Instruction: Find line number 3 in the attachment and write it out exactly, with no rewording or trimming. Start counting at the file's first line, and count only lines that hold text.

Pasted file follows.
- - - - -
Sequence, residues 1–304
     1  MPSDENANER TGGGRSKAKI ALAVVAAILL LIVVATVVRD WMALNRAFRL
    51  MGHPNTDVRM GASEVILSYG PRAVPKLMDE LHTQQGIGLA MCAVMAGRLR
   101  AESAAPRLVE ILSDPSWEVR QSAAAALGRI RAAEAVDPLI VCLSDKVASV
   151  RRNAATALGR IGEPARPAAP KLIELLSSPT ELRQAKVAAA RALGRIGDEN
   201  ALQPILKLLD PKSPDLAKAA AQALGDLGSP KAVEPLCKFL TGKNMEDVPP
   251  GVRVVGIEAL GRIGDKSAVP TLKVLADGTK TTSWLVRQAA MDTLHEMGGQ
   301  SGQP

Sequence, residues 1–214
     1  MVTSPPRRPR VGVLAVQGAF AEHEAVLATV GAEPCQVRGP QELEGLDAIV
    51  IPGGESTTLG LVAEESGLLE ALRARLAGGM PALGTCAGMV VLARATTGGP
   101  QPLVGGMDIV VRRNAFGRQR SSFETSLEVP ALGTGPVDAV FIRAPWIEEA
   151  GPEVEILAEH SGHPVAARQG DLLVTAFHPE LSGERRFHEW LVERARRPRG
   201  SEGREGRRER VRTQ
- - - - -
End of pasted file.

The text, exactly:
    51  MGHPNTDVRM GASEVILSYG PRAVPKLMDE LHTQQGIGLA MCAVMAGRLR